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Merlin/NF-2 mediates contact inhibition of growth by suppressing recruitment of Rac to the plasma membrane.

Okada T, Lopez-Lago M, Giancotti FG - J. Cell Biol. (2005)

Bottom Line: PAK's ability to release human umbilical vein endothelial cells from contact inhibition is blocked by an unphosphorylatable form of its target Merlin, suggesting that PAK promotes mitogenesis by phosphorylating, and thus inactivating, Merlin.Small interference RNA-mediated knockdown of Merlin exerts the same effects.Dominant-negative Rac blocks PAK-mediated release from contact inhibition, implying that PAK functions upstream of Rac in this signaling pathway.

View Article: PubMed Central - PubMed

Affiliation: Cell Biology Program, Memorial Sloan-Kettering Cancer Center, New York, NY 10021, USA. t-okada@ski.mskcc.org

ABSTRACT
Introduction of activated p21-activated kinase (PAK) is sufficient to release primary endothelial cells from contact inhibition of growth. Confluent cells display deficient activation of PAK and translocation of Rac to the plasma membrane at matrix adhesions. Targeting Rac to the plasma membrane rescues these cells from contact inhibition. PAK's ability to release human umbilical vein endothelial cells from contact inhibition is blocked by an unphosphorylatable form of its target Merlin, suggesting that PAK promotes mitogenesis by phosphorylating, and thus inactivating, Merlin. Merlin mutants, which are presumed to exert a dominant-negative effect, enable recruitment of Rac to matrix adhesions and promote mitogenesis in confluent cells. Small interference RNA-mediated knockdown of Merlin exerts the same effects. Dominant-negative Rac blocks PAK-mediated release from contact inhibition, implying that PAK functions upstream of Rac in this signaling pathway. These results provide a framework for understanding the tumor suppressor function of Merlin and indicate that Merlin mediates contact inhibition of growth by suppressing recruitment of Rac to matrix adhesions.

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PAK releases cells from contact inhibition by phosphorylating Merlin. (A) HUVEC were transfected with HA-tagged Merlin in combination with empty vector or plasmids encoding PAK-CAAX or Pak-CAAX-KD. G0-synchronized cells were plated on FN under sparse (Sp.) or confluent (Co.) conditions. After incubation with growth factors for 20 h, the cells were lysed and subjected to high resolution SDS-PAGE followed by immunoblotting with anti-Merlin. The top band corresponds to the phosphorylated form of Merlin and the bottom band to the unphosphorylated form. (B) Total lysates prepared as in A were subjected to standard SDS-PAGE and immunoblotting with anti–phospho-Merlin (Ser518) or anti-Merlin. (C) Cells were cotransfected with GFP and empty vector or vectors encoding the indicated forms of Merlin. G0-synchronized cells were plated on FN under confluent conditions and incubated with mitogens and BrdU for 20 h. The percentage of transfected cells entering S phase was determined as described in Fig. 1. (D) Cells were cotransfected with GFP and empty vector or vectors encoding activated PAK (PAK-CAAX) in combination with the indicated forms of Merlin. The percentage of transfected cells entering S phase was determined as in Fig. 1. PAK-CAAX and various forms of Merlin were tagged with HA and detected by immunoblotting with anti-HA antibody. Error bar represents the mean ± SD.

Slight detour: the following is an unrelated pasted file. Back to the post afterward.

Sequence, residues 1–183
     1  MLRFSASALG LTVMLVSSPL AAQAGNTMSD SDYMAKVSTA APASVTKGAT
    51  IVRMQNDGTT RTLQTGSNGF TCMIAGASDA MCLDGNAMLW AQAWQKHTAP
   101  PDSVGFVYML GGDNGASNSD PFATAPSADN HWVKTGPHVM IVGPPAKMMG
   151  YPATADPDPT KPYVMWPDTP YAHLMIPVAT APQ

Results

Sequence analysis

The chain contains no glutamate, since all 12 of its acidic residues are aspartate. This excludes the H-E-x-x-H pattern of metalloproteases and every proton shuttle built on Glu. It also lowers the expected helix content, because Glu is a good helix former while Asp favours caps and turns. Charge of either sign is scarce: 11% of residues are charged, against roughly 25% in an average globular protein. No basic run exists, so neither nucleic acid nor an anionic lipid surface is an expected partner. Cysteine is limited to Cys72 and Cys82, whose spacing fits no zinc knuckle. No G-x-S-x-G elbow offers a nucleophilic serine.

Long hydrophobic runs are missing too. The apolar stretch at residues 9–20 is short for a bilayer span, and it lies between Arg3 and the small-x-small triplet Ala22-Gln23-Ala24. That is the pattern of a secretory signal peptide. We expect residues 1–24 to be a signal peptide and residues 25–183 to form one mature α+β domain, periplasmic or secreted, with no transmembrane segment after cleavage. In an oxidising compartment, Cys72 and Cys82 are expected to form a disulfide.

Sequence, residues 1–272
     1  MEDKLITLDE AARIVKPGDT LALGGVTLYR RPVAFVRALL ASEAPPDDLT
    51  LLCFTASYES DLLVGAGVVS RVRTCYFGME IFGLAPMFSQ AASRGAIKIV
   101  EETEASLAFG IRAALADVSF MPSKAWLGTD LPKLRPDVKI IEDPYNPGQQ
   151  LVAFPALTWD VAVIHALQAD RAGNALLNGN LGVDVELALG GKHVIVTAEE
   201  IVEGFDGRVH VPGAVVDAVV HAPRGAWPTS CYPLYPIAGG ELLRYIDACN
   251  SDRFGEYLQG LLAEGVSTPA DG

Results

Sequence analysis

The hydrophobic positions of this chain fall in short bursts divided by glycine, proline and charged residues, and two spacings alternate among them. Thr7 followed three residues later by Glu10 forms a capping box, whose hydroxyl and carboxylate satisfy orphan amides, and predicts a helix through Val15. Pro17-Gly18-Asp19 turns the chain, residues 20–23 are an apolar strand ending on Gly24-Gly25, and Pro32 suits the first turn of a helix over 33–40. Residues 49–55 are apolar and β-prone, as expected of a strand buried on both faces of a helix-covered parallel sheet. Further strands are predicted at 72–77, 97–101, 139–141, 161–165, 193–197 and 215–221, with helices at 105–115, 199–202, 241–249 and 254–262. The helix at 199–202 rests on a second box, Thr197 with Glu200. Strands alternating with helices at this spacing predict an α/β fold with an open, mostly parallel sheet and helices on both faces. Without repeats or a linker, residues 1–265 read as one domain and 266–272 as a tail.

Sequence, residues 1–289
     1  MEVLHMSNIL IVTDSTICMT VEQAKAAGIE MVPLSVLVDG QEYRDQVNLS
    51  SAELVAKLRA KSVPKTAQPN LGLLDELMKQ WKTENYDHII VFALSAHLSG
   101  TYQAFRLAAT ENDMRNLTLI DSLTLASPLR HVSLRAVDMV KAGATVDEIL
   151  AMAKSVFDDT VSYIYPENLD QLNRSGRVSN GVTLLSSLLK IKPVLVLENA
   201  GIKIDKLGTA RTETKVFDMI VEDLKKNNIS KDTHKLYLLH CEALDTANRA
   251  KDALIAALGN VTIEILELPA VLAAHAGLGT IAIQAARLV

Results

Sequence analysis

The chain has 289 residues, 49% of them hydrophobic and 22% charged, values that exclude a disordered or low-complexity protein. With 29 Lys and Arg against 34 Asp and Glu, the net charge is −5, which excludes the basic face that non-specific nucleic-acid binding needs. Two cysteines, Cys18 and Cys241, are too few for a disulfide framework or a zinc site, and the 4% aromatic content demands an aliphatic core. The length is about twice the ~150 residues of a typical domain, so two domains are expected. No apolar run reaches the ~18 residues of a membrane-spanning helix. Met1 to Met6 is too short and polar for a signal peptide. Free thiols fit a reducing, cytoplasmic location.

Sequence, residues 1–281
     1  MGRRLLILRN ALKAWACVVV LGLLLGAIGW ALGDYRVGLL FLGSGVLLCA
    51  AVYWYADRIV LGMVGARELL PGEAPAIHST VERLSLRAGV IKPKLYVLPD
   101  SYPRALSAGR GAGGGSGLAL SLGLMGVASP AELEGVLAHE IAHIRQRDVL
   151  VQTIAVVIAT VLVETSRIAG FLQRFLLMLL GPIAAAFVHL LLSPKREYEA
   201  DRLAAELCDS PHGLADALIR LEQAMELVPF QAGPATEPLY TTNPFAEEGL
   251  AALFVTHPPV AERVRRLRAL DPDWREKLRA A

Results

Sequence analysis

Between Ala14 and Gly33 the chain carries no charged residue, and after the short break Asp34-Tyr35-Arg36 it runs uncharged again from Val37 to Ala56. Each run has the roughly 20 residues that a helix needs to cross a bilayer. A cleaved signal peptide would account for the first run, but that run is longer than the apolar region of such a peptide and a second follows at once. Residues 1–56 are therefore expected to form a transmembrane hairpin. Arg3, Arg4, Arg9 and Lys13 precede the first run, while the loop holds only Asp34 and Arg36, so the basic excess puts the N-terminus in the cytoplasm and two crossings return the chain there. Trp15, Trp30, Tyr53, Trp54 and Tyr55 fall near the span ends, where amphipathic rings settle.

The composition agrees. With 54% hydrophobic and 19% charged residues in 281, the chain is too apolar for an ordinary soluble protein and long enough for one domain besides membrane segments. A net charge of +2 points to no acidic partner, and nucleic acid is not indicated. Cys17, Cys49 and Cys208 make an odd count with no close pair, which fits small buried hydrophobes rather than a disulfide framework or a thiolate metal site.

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fig3: PAK releases cells from contact inhibition by phosphorylating Merlin. (A) HUVEC were transfected with HA-tagged Merlin in combination with empty vector or plasmids encoding PAK-CAAX or Pak-CAAX-KD. G0-synchronized cells were plated on FN under sparse (Sp.) or confluent (Co.) conditions. After incubation with growth factors for 20 h, the cells were lysed and subjected to high resolution SDS-PAGE followed by immunoblotting with anti-Merlin. The top band corresponds to the phosphorylated form of Merlin and the bottom band to the unphosphorylated form. (B) Total lysates prepared as in A were subjected to standard SDS-PAGE and immunoblotting with anti–phospho-Merlin (Ser518) or anti-Merlin. (C) Cells were cotransfected with GFP and empty vector or vectors encoding the indicated forms of Merlin. G0-synchronized cells were plated on FN under confluent conditions and incubated with mitogens and BrdU for 20 h. The percentage of transfected cells entering S phase was determined as described in Fig. 1. (D) Cells were cotransfected with GFP and empty vector or vectors encoding activated PAK (PAK-CAAX) in combination with the indicated forms of Merlin. The percentage of transfected cells entering S phase was determined as in Fig. 1. PAK-CAAX and various forms of Merlin were tagged with HA and detected by immunoblotting with anti-HA antibody. Error bar represents the mean ± SD.

Mentions: PAK phosphorylates Merlin at Serine 518, disrupting the interaction between the NH2-terminal protein 4.1 ERM domain and the COOH-terminal tail of the protein (Shaw et al., 2001; Kissil et al., 2002; Xiao et al., 2002). To examine the potential role of PAK's phosphorylation of Merlin in release from contact inhibition, HUVEC were transfected with HA-tagged Merlin in combination with empty vector, activated PAK (PAK-CAAX), or dominant-negative PAK (PAK-CAAX-KD) and were plated under either sparse or confluent conditions in the presence of growth factors. High resolution SDS-PAGE followed by immunoblotting with anti-HA was used to monitor the mobility shift caused by the phosphorylation of Merlin (Shaw et al., 2001). Control transfectants plated under confluent conditions contained more dephosphorylated Merlin as compared with those plated under sparse conditions (Fig. 3 A). In addition, activated PAK induced significant phosphorylation of Merlin in confluent cells, whereas dominant-negative PAK caused an almost complete dephosphorylation of the protein in sparse cells (Fig. 3 A). Immunoblotting with an antibody that specifically recognizes Merlin phosphorylated at Serine 518 showed that Merlin is significantly phosphorylated at this site in cells plated under sparse conditions, but not in those plated under confluent conditions (Fig. 3 B). In addition, activated PAK caused significant phosphorylation of Merlin at Serine 518 in confluent and in suspended cells, whereas kinase-dead PAK did not exert this effect (Fig. 3 B). These results identify a potential role for Merlin phosphorylation at Serine 518 in exit from contact inhibition.